Monday, August 26, 2019

Why the Saudi Government has implemented banning exports of cement and Article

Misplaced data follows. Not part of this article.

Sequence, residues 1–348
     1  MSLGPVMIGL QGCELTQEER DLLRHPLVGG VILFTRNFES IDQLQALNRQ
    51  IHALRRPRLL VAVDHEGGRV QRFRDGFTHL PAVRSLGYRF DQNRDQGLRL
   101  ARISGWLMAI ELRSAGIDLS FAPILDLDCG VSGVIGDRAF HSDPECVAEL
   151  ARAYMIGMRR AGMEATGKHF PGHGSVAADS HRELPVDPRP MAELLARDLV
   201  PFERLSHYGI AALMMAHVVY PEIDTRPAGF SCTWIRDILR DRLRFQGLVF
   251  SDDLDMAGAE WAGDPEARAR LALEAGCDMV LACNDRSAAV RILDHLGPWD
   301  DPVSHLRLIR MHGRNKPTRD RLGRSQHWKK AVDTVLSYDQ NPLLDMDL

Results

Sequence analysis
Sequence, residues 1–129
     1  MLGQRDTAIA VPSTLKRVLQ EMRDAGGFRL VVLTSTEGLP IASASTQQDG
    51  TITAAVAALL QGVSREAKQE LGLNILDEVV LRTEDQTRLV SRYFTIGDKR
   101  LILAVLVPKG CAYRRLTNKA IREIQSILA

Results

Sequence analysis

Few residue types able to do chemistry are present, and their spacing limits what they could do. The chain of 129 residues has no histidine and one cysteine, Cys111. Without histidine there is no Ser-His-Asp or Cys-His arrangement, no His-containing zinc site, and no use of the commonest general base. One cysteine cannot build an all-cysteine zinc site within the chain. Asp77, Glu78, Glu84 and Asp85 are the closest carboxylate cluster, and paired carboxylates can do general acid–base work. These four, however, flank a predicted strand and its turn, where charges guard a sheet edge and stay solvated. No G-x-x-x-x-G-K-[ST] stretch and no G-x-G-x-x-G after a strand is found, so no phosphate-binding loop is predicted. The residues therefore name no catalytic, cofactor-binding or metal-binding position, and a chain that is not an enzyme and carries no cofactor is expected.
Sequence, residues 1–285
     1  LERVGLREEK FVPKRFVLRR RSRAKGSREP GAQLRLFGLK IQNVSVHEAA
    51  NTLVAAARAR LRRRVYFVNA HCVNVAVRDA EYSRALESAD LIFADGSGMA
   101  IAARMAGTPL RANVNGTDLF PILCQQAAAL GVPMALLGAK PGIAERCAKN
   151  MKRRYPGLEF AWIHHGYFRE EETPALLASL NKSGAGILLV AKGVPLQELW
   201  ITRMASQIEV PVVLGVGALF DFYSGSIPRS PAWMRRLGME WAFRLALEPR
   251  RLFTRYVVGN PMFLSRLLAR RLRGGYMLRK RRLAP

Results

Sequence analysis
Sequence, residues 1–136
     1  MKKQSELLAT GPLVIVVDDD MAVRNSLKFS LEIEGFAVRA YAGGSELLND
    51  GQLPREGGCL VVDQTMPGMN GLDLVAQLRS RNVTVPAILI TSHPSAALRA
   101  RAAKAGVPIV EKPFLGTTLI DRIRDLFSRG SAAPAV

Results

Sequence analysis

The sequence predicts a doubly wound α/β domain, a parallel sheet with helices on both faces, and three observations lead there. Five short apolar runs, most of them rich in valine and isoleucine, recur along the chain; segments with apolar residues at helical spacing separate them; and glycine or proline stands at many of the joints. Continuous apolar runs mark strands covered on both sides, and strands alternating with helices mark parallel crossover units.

Why the Saudi Government has implemented banning exports of cement and explain the answer in terms of monopoly strategy - Article Example This ban in led to a 58 percent slump in the cement index and reduced profits for most cement producing companies. The decision by the Saudi government to stop and ban the exportation of cement was prompted by the soaring domestic prices of building and construction materials. In the subsequent discussion, we will attempt to identify and explain the cause(s) of such a shortage, and factor(s) leading to the imposition of the ban. In addition, we will assess the reasons for its partial uplift and subsequent reinstatement, how the government’s actions translate to monopolistic behavior. Finally, we will analyze the impact, and effectiveness of the monopolistic strategy on the economy and in particular in relation to the country’s projected economic growth. Despite being the highest producer of cement among GCC countries, Saudi Arabia has recently been experiencing cement shortages. This is because the manufacturing companies export most of their products to international market to fetch higher prices. The exportation of cements has grown steadily between 2004 and 2007. In 2006, the cement export volume was quoted as 2.26 million tones. Total production over the same period was estimated at 33.1 million tones against a local consumption level of 31.2 million tones. This translates to a shortage of approximately 0.36 million tones locally. These statistics show the total production of cement in Saudi Arabia was 33.1 million tons in 2006. However, the total consumption of cement in the same year was about 31.2 million tones (El-Quqa, Hasa, Desai, Rout & Gupta 2007, p. 9). Comparing the above statistics, it is evident that there has been a shortage of cement in the local market. Since this trend has continued, the government responded by banning exports of cement to alleviate the shortage in the local market. In 2009, the ban was partially lifted following an upsurge in demand in the Middle Eastern countries.

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